Cute Mouse Is a Real Scorpion Slayer

The grasshopper mouse can turn scorpion toxins into painkillers, allowing it to attack its prey.
2:01 | 05/02/14

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Transcript for Cute Mouse Is a Real Scorpion Slayer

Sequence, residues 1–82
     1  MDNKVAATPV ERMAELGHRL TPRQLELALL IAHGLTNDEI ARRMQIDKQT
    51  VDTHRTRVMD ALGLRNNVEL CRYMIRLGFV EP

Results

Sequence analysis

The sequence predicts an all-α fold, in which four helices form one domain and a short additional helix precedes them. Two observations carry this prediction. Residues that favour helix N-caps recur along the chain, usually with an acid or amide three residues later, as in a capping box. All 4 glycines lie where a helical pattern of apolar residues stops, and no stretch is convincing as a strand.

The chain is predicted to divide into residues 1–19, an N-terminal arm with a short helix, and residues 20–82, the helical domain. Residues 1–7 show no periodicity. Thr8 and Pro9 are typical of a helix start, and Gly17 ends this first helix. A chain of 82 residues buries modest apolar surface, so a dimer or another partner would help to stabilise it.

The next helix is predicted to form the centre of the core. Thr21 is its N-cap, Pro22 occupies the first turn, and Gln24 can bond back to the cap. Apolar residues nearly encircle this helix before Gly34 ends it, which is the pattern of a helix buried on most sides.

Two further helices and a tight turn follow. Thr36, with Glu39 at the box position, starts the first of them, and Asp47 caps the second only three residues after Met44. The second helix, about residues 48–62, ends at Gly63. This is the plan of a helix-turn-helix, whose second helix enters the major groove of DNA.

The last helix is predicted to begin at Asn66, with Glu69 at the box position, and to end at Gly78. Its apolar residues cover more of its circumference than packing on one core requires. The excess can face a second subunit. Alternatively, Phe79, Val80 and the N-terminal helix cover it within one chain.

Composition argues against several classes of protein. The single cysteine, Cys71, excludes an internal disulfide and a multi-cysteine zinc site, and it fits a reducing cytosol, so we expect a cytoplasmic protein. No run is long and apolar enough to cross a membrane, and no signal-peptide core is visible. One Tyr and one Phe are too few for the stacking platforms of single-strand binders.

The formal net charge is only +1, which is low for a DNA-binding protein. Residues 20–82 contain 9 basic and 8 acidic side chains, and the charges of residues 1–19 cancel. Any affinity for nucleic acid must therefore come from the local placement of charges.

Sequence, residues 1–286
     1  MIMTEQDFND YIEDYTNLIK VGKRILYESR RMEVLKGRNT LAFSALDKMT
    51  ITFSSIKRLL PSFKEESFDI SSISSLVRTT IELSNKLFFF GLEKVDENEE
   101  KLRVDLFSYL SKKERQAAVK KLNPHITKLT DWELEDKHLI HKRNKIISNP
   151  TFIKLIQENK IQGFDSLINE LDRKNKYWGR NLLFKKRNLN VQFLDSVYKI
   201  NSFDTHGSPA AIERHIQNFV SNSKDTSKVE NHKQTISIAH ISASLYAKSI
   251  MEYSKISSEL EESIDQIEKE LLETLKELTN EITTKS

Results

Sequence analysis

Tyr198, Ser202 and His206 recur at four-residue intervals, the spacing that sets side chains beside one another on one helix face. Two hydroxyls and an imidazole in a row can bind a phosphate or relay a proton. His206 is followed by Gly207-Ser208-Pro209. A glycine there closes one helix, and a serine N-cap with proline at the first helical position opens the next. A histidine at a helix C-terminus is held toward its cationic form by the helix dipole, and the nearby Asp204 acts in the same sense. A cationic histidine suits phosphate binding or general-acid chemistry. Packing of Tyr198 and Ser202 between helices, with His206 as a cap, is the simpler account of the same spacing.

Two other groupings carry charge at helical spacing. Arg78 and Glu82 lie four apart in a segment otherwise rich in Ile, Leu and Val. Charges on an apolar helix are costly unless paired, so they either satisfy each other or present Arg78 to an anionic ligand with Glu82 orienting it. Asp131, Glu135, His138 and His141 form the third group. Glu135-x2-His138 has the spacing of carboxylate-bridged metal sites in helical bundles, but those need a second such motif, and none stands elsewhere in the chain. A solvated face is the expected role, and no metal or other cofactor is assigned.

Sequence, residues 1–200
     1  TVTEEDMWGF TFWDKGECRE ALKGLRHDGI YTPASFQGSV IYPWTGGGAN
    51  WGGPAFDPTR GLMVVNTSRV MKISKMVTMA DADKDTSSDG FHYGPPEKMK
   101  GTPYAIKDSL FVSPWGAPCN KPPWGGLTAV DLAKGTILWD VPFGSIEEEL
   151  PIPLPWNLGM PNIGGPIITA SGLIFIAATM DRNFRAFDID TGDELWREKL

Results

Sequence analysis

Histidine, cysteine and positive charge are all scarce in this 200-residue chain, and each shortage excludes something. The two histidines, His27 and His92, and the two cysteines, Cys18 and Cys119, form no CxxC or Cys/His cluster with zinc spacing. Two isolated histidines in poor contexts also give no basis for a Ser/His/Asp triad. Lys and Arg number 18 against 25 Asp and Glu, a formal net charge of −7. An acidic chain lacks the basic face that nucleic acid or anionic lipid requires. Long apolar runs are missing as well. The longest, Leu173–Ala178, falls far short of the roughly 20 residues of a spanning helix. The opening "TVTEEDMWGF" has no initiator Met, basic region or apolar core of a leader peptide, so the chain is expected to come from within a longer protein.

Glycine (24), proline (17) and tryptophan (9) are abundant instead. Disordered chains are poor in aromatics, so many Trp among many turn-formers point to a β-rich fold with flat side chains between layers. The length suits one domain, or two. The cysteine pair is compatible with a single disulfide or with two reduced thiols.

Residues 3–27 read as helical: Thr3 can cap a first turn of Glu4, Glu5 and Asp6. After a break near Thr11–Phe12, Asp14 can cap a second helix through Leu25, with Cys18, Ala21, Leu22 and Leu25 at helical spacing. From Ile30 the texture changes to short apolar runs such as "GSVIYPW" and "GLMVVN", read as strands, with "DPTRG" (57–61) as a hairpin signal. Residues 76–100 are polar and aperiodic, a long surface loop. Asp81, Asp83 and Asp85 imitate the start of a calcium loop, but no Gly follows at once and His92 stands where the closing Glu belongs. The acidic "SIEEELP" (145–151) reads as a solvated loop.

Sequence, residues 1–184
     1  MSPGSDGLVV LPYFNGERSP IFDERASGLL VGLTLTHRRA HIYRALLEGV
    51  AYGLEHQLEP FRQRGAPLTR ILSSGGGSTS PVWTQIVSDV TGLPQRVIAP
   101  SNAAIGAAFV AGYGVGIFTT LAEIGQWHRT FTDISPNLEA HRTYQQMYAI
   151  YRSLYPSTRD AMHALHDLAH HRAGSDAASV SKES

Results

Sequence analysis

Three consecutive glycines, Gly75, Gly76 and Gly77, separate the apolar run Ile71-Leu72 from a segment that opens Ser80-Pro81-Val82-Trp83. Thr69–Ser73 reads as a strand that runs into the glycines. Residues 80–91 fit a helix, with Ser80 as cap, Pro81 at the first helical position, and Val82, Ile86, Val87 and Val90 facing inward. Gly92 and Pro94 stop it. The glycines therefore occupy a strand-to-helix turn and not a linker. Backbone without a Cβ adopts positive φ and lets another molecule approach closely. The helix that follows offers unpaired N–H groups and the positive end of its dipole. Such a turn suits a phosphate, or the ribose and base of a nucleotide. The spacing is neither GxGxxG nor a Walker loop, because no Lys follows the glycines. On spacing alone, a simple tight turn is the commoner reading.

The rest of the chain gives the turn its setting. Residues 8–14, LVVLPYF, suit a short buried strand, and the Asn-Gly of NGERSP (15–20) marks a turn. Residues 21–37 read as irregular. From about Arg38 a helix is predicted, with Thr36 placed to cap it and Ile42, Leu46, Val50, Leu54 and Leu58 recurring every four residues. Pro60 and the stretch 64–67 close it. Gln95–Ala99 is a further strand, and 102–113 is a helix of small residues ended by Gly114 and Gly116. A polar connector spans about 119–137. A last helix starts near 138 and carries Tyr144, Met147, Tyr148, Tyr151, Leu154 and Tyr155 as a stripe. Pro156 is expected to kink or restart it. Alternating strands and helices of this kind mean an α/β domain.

This is the -- -- It has cinnamon colored bird and weighs approximately 25 grams making it only slightly smaller than the average pet hamster. It's a native mammal of the deserts in the southwestern United States and Mexico where it shares its habitat -- -- -- -- It's large black guys aren't adaptation to its nocturnal lifestyle. But it mostly relies on its lightning fast reflexes to survive. Rich it uses to -- and eaten scorpions. But what really makes this -- interesting is its ability to immediately turn toxins from scorpion venom into pain -- The mice have evolved the ability to based on multiple times but remained relatively unfazed. And continue attacking scorpion. Not only -- the mouse I'm faced but it actually feels less pain after being stung. Research at Michigan State University focuses on how this happens on a molecular level. Paint signals are mainly regulated by a couple of sodium channels. When the channels open mammals like house mice and humans feel pain. When the -- government house the -- the scorpion toxin bonds to one of the sodium channels and closes. So that the mouse feels -- -- As far as we know this is unique to -- -- This research has applications for human medicine. If medicines can be developed to interact with merely a single sodium channel in humans. And analgesics could be made to alleviate pain. Without any side effects.

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